Johan Liliestam's Doctoral Program reflections
I studied at the master’s program, "Problem solving in science" with a focus on environmental science at Göteborg University, Sweden (Degree: Master of Science in Environmental sciences and Physics, in May 2005), as well as at the master’s program, "Public and private environmental management" at Freie Universität, Berlin, Germany (Degree: Master of Arts in Environmental Political Science, in October 2007). Before joining the doctoral program at CEU in November 2010, I worked at the Potsdam Institute for Climate Impact Research (PIK) in Potsdam, Germany, (from November 2007-today) and at the International Institute for Applied Systems Analysis (IIASA) in Laxenburg, Austria (from November 2009-today). At both institutes I work with policy issues and risks concerning renewable electricity imports to Europe from North Africa and the Middle East.
I was attracted to the program and CEU especially because I had met my supervisor at conferences and had gotten to know some of his work. I wanted to be a part of that, and to learn what I could from him. So far, I have had a very good impression of the program, both of the regular course work and, especially, of the dissertation supervision. However, it is difficult to not live in Budapest, as you lose most of the contact with the institute, except for the regular contact and exchanges with the supervisor. This, together with the general stress of writing a dissertation, have been the largest challenges encountered so far.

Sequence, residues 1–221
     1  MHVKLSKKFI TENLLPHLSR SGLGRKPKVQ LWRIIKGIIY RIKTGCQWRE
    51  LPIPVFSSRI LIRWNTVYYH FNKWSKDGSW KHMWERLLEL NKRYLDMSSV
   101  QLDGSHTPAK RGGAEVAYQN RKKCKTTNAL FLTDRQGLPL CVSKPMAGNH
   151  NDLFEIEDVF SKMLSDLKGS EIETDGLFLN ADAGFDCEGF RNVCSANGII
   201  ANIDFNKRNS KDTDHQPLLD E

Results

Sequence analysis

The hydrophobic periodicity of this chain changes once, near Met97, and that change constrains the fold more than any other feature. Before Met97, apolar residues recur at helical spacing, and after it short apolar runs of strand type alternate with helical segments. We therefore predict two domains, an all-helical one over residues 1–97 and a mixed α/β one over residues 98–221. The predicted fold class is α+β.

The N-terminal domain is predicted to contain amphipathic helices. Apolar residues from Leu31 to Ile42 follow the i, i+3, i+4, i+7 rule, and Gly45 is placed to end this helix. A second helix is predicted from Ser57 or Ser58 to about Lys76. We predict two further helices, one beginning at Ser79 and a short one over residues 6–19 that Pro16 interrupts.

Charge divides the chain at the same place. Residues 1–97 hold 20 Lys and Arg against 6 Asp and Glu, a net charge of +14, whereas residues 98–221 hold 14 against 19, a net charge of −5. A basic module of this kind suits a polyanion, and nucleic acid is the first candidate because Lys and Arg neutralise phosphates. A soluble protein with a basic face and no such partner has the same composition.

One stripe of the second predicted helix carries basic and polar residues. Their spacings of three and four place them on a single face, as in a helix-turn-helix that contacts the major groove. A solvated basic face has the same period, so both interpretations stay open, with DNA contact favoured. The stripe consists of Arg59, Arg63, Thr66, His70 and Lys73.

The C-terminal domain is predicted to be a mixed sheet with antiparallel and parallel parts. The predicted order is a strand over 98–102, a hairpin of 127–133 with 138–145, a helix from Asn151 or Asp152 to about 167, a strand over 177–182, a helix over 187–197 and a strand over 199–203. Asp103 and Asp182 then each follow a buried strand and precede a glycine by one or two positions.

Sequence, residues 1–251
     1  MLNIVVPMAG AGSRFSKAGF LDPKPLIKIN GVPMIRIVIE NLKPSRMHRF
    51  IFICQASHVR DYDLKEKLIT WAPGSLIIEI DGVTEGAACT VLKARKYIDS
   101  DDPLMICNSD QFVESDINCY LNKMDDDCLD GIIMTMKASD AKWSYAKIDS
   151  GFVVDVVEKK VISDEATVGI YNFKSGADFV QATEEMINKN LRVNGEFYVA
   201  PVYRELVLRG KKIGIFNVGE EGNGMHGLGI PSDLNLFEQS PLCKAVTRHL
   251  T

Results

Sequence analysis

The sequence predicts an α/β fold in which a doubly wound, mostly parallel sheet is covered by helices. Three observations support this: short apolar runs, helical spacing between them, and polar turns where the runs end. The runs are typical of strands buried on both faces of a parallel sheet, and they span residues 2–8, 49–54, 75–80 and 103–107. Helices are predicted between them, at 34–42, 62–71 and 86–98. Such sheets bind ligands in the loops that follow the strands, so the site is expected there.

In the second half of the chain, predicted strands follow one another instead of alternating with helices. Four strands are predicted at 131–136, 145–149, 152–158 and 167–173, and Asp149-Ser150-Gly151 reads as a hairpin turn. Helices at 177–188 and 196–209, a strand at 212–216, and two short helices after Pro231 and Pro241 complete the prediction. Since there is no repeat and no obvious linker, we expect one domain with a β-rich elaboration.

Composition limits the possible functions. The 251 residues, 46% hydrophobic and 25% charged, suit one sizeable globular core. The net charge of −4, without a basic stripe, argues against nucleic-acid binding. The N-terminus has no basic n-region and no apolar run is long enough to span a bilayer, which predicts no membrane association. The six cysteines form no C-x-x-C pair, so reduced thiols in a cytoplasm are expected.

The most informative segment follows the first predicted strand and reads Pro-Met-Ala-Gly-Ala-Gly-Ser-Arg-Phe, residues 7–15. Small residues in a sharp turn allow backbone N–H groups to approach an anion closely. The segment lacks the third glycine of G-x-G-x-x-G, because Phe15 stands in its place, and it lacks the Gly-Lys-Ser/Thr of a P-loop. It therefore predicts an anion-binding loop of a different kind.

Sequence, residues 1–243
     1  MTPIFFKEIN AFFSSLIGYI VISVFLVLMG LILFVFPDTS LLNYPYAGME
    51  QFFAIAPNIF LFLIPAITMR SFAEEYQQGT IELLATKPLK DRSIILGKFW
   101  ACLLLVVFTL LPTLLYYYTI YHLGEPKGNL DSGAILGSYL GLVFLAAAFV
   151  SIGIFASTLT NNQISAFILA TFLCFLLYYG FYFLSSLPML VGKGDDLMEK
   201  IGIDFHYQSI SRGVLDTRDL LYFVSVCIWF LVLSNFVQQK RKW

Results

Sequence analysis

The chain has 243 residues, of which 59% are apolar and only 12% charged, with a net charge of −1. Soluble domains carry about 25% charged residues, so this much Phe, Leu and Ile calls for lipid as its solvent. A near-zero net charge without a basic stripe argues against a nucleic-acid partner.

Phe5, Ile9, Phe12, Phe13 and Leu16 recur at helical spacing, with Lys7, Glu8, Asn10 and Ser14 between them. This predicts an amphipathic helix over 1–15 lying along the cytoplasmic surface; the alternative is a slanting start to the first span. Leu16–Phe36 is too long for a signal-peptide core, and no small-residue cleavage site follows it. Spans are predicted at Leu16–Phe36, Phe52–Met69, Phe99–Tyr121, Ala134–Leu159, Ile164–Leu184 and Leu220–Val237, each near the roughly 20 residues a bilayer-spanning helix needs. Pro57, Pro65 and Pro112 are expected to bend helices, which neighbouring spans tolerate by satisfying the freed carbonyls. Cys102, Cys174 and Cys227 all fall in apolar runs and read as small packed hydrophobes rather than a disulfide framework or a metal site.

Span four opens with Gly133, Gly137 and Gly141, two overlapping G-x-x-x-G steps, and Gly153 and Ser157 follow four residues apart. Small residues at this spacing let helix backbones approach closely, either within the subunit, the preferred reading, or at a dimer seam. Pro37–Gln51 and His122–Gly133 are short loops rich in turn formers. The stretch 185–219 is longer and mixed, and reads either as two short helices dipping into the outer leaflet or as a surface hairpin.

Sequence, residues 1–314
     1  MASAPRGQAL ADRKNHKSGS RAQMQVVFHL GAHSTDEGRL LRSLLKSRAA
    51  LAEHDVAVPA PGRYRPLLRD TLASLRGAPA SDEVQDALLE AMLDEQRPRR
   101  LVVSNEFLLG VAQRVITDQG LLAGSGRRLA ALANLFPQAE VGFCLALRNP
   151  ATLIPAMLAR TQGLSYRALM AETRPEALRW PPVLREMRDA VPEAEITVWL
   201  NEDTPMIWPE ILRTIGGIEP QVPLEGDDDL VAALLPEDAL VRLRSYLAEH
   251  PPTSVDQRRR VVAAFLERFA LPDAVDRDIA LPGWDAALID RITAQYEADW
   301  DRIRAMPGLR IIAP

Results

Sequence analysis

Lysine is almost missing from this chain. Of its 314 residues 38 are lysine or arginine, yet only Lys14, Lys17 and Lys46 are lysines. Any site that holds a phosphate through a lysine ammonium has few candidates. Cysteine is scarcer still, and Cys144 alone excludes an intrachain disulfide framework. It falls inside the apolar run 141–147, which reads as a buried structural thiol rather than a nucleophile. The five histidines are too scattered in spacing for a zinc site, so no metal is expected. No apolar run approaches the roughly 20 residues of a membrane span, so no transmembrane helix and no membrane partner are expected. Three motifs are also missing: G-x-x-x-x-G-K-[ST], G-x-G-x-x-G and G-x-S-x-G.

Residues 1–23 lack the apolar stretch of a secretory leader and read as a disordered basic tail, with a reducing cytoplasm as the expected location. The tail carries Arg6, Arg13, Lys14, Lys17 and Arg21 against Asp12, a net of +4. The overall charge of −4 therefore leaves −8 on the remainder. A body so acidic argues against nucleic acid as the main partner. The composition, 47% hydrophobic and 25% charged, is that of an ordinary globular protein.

In my dissertation work, I focus on developing new methods and epistemological approaches to better understand and measure energy security in scenarios for the future, in particular for scenarios with imports of renewable electricity. In this, I draw on theories and concepts from outside the traditional energy security research field, as well as on concepts used primarily in niches of energy security research. The overarching idea is to focus on observed energy security concerns and to assess these using new metrics that are closer connected to the threats one wants to measure in a particular context, instead of the more traditional generic metrics. By doing this, I hope to contribute both to the specific understanding of risks concerning renewable electricity imports and the more general epistemological background to energy security research and its link to decarbonisation scenarios: only secure energy futures are acceptable choices, and thus we must ensure that the decarbonisation pathways are secure as well as climate-friendly.